Sentencing postponed for police officer’s killer
By Mike Gordon and David Waite
Advertiser Staff Writers
Family, friends and fellow police officers of slain Honolulu police officer Glen Gaspar left a courtroom yesterday bitterly upset by a judge’s decision to postpone sentencing for the man convicted of shooting Gaspar to death.
Honolulu police officers were upset by Circuit Judge Karen Ahn’s decision to delay sentencing for Shane Mark, who was convicted of killing officer Glen Gaspar. One said the delay only served to prolong the Gaspar family’s misery.
Circuit Judge Karen Ahn’s ruling may have been unpopular, but two independent legal experts said it was the right decision.
Although a jury convicted Shane Mark, 29, of second-degree murder in December, Ahn ruled that the state must first complete a second trial on three charges that the jury could not agree on. That trial will begin the week of June 7.
The charges include attempted first-degree murder for allegedly trying to shoot officer Calvin Sung on March 4, 2003 in the Baskin-Robbins store at Kapolei Shopping Center.
Gaspar was one of six officers who had gone to Kapolei to arrest Mark in connection with an earlier shooting.
“I am disgusted with the Hawai’i judiciary system,” said Gaspar’s brother, Greig Gaspar. “I am disgusted with this judge. I am disgusted with this state. Justice has not been served.”
The prosecutor’s office would not comment on the decision, but city Deputy Prosecutor Christopher Van Marter told family members in the courtroom that the charges were “too serious to dismiss.”
During the hearing, Mark’s attorney, state Deputy Public Defender Debra Loy, argued that it was “inappropriate” to sentence Mark now because anything he might say could be used at the second trial.
Shane Mark’s second trial begins the week of June 7.
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“I do not feel he can address the issues of remorse at sentencing with a pending trial,” Loy said.
She reminded Ahn that when the jury returned its guilty verdict against Mark in December on the second-degree murder charge that she asked that sentencing be put off until Mark is retried and a verdict is reached on the three other counts.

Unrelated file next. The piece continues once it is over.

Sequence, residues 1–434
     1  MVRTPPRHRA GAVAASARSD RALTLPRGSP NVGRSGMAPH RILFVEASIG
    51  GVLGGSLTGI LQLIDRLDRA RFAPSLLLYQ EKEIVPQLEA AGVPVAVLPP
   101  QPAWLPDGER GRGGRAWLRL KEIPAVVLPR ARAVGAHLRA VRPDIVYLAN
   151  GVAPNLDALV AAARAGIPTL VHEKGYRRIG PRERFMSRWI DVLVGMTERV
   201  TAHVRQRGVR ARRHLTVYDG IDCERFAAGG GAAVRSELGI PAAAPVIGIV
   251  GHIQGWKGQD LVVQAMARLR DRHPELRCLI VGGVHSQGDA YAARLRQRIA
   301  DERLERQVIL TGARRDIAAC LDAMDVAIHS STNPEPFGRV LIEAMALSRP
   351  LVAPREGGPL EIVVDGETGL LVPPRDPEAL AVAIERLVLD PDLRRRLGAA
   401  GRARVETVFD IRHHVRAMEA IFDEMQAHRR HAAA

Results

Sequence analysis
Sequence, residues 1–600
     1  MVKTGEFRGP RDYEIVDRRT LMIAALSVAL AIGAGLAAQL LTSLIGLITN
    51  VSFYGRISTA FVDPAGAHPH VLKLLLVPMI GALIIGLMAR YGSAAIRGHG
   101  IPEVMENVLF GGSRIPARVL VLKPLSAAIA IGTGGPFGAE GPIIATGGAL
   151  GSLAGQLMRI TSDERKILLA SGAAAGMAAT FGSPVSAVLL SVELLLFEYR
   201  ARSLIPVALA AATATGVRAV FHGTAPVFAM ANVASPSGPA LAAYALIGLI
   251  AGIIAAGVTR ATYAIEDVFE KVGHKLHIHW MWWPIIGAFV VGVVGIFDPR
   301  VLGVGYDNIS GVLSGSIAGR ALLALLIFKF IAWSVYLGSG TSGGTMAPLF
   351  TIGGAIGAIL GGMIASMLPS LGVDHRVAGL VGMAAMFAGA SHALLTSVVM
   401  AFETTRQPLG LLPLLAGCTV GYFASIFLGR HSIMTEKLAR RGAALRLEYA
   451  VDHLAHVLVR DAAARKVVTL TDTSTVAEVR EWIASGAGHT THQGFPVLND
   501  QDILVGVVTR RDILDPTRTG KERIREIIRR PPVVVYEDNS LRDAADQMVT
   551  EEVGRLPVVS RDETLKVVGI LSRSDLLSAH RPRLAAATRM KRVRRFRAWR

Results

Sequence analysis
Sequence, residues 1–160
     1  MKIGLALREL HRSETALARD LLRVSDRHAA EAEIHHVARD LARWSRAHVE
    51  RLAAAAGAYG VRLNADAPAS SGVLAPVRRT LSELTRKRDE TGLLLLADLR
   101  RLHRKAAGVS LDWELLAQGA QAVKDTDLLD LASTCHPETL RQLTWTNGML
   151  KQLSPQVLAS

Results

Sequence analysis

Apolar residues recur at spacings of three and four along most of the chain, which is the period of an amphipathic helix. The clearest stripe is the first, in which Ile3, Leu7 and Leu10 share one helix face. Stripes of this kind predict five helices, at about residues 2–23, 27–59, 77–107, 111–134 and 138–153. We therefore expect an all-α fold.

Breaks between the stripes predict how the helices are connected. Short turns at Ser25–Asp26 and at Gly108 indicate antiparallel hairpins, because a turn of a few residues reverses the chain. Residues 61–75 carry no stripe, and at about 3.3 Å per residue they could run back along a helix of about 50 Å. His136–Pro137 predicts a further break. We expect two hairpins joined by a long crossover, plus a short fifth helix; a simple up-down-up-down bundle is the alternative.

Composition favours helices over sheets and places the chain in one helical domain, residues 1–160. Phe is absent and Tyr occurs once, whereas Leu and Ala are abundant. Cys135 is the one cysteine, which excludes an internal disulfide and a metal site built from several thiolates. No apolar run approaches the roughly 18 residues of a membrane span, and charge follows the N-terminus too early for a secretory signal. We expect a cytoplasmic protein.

At yesterday’s hearing, Ahn denied Loy’s request to dismiss the remaining counts against Mark. But she agreed to postpone sentencing him.
“I don’t know how I can’t grant the motion (to postpone sentencing),” Ahn said. “The law is very clear on this.”
Yesterday’s hearing drew about two dozen police officers, some in uniform and some not, including several who sat solemn-faced in the jury box.
Mark was led into the courtroom in handcuffs. He gave a weak smile and wiggled his eyebrows at friends and family who had come to support him.
Officer Tenari Maafala, president of the State of Hawai’i Organization of Police Officers, was frustrated by the ruling.
“It’s very disheartening and very painful, especially for the family,” he said. “We are definitely not in agreement with the judge in prolonging the torture of the family.”
He said criminals need to know that justice will be severe if they “take the life of a police officer.”
“You do the crime,” he said, “you do the time.”
Long-time Honolulu criminal defense attorney Brook Hart agreed with the judge’s decision. He said that Mark’s constitutional right to a fair trial “could have been prejudiced” had Ahn gone ahead with the sentencing yesterday and had Mark decided to speak on his own behalf about the shooting.
“It was entirely appropriate for the judge to (postpone) sentencing until a verdict of certainty is reached on the other counts,” Hart said.
University of Hawai’i law professor Virginia Hench agreed. “The man is already in prison and will be sentenced in due course,” she said.
Hart said the prosecution probably refused to dismiss the remaining charges because they are hoping to get a stiffer sentence on the remaining charges. Mark’s existing conviction for second-degree murder carries a maximum prison term of life with the possibility of parole. However, if he is convicted of attempted first-degree murder, that carries a mandatory sentence of life without parole.